Of the feats performed by the Kentuckians with the rifle, I could say more than might be expedient on the present occasion. In every thinly peopled portion of the state, it is rare to meet one without a gun of that description, as well as a tomahawk. By way of recreation, they often cut off a piece of the bark of a tree, make a target of it, using a little powder wetted with water or saliva, for the bull's eye, and shoot into the mark all the balls they have about them, picking them out of the wood again.---Audubon's Ornithological Biography.

Ten rules to be observed in Practical Life.—The following rules were given by the late Mr. Jefferson, in a letter of advice to his namesake, Thomas Jefferson Smith, in 1825 :

1. Never put off till tomorrow what you can do today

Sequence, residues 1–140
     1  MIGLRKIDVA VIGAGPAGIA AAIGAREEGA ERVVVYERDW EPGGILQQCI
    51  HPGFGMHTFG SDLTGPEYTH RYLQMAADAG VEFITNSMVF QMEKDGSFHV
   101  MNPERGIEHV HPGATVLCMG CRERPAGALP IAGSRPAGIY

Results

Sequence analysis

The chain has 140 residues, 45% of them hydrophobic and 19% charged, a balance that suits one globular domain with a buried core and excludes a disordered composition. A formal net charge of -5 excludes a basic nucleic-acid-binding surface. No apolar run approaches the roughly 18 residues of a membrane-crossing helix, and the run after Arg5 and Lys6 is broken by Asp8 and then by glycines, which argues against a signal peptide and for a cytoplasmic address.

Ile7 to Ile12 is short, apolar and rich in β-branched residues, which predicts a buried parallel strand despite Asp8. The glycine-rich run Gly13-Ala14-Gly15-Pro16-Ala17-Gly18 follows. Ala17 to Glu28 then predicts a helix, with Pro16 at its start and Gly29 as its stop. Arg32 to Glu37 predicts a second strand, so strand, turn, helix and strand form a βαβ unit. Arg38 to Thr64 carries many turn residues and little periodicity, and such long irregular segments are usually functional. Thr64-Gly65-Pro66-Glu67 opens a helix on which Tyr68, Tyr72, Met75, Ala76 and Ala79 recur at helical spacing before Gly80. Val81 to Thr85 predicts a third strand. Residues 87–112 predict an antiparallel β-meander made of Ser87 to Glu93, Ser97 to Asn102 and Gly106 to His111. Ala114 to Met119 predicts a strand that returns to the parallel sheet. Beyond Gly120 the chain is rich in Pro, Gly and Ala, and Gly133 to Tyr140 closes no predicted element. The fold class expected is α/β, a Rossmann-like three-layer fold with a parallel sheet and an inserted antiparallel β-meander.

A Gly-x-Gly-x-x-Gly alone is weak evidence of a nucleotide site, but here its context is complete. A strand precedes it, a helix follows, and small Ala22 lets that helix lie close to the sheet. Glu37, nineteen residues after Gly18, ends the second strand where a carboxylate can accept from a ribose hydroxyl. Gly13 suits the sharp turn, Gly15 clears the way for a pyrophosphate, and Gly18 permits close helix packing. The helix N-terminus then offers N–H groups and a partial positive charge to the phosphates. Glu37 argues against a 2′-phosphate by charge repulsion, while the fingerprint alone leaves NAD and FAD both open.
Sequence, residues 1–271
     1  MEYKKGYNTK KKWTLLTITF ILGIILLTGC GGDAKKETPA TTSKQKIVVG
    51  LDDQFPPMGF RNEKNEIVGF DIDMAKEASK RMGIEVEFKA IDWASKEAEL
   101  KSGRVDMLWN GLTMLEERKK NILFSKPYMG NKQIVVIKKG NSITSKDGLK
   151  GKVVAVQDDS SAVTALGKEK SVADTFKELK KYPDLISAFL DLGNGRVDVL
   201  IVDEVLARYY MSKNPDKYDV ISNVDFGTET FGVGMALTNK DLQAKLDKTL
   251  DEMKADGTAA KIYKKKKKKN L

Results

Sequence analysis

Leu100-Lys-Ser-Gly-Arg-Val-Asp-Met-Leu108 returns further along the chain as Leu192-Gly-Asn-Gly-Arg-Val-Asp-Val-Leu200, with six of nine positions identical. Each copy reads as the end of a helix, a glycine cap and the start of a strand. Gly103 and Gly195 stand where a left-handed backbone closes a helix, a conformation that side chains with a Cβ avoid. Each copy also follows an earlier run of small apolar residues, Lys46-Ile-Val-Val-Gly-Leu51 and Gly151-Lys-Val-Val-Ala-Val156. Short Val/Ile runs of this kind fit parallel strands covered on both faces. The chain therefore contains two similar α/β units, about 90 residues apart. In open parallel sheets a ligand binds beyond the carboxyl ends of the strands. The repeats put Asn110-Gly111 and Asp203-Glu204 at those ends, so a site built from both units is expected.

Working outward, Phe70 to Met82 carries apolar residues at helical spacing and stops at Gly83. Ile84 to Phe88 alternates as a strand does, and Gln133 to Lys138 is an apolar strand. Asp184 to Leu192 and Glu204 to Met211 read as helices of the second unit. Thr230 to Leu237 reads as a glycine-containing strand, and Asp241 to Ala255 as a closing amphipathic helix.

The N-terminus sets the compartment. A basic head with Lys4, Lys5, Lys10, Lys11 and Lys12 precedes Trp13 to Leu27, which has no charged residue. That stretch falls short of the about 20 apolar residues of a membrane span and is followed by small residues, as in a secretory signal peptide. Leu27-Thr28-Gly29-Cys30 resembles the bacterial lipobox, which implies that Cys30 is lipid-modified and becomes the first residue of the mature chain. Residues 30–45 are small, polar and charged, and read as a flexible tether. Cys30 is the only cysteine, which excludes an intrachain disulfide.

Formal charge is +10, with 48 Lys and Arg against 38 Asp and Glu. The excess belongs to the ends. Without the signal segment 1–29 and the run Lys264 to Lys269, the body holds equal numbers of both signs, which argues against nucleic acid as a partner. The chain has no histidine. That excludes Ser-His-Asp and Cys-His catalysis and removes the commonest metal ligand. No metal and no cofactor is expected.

2. Never trouble others for what you can do yourself.

3. Never spend your money before you have it.

4. Never buy what you do not want because it is cheap

5. Pride costs us more than hunger, thirst, and cold.

6. We never repent of having eaten too little.

7. Nothing is troublesome that we do willingly.

8. How much pains have those evils cost us which never happened.

9. Take things always by their smooth handle.

10. When angry, count ten before you speak,—if very angry, a hundred.